(Greek, kydistos, most glorious; alluding to the beautiful flowers). Bignoniaceae. Ornamental vines, grown for their beautiful flowers.

Evergreen shrubs, climbing by If . - tendrils: leaves opposite, with 2 leaflets, the rachis elongated into a simple slender tendril, sometimes wanting: flowers in terminal or axillary panicles, sometimes 2; calyx campanulate-turbinate, truncate or with 5 short teeth; corolla funnel-form-campanulate, with imbricate lobes; stamens 4, inclosed, with spreading anther-cells; disk wanting; ovary linear, with numerous ovules in 2 rows: caps, linear, septicid, with numerous, nearly orbicular, winged seeds. - One or 2 species in the W. Indies and S. Amer. Closely allied to Bignonia, but easily distinguished by its simple slender tendrils, by the paniculate flowers, the usually truncate calyx and the wanting disk. Suited for cult, in tropical and subtropical regions only and as a stove plant in the N. For cultivation and propogation, see Bignonia.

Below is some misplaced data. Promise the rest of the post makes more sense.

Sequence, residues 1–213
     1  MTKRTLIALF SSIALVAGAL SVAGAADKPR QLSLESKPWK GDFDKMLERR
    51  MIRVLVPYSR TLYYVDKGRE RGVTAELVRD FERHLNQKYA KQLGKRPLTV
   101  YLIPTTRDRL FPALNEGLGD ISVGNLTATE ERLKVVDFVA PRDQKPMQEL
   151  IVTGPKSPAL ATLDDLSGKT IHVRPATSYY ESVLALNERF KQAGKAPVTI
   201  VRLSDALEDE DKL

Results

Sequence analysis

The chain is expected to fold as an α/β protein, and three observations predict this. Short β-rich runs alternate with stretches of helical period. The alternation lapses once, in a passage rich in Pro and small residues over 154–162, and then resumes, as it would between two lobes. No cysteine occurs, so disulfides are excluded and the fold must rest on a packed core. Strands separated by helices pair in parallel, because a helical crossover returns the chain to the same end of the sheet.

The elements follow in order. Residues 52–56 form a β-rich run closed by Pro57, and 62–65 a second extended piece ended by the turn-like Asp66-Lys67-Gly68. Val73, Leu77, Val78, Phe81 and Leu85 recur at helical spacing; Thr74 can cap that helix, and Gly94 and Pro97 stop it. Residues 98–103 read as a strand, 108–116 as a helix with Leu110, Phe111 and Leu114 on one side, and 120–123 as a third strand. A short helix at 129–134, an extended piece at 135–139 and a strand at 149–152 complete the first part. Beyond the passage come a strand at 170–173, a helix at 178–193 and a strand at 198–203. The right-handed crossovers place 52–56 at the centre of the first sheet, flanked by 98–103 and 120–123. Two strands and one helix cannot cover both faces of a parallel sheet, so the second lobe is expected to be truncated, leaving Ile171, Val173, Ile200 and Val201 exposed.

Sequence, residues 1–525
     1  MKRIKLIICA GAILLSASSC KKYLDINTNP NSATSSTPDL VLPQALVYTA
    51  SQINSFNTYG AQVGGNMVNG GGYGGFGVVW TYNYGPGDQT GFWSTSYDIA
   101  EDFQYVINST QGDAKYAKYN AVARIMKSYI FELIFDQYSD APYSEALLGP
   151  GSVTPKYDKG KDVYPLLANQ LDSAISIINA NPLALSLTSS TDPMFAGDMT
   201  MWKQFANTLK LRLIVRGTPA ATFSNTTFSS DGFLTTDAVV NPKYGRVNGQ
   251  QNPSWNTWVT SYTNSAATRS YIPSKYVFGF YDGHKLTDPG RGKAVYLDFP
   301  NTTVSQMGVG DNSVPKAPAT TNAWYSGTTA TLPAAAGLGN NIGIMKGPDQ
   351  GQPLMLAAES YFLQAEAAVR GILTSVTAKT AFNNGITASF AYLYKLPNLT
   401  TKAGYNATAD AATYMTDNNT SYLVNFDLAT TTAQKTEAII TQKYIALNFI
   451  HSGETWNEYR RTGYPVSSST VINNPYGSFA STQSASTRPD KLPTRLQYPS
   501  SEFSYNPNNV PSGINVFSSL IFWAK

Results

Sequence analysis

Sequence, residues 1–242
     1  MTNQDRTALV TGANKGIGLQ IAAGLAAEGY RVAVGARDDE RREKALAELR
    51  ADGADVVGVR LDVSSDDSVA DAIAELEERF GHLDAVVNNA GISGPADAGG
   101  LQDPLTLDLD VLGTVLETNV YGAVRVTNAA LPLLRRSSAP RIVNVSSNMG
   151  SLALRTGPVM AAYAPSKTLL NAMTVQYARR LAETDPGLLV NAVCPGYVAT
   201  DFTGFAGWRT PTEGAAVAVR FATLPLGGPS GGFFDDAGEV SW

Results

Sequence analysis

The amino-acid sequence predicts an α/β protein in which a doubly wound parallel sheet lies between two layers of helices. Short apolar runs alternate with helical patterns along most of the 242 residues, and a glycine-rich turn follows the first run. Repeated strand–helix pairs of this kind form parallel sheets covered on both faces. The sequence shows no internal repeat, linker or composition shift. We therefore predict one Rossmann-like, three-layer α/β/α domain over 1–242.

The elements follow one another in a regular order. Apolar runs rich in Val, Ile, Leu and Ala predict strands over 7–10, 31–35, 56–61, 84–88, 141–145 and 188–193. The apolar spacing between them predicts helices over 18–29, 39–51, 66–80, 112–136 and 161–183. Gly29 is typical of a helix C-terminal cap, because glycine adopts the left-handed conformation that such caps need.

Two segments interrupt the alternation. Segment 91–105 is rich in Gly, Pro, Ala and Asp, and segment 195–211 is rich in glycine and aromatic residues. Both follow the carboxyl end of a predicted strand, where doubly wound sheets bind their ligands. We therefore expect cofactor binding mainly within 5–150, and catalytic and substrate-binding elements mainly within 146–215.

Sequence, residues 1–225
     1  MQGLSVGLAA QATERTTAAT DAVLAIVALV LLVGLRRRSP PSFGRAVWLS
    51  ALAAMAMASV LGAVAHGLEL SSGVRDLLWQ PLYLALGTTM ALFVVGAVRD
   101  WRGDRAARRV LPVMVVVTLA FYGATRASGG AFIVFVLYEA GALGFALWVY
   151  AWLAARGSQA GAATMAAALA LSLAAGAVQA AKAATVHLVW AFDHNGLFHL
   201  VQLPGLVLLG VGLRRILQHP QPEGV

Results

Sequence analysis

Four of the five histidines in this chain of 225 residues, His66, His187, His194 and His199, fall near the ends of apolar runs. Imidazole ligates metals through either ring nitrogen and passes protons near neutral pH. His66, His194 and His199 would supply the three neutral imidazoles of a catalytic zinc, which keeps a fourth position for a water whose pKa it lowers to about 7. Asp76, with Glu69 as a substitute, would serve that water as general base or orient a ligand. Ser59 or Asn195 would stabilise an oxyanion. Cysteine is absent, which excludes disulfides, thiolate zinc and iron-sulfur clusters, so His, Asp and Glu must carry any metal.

Miers (Bignonia aequinoctialis, Linn.). High climbing: leaflets ovate to ovate-oblong, obtuse-acuminate, undulate, lustrous, reticulate, 3-4 in. long; petioles 1/3-3/4in. long: calyx campanulate-turbinate, truncate; corolla white or pink, with dark pink or purplish veins, 2 1/2 in. long. W. Indies, Brazil. - The B. aequinoctialis variety (B. R. 9:741) with yellow flowers in elongated racemes is Anemopaegma Chamberlaynii, Bur. & Schum. (Bignonia Chamberlaynii, Sims B. M. 2148. F.S. 3:235. P.M. 14:3.). See page 502. Alfred Rehder.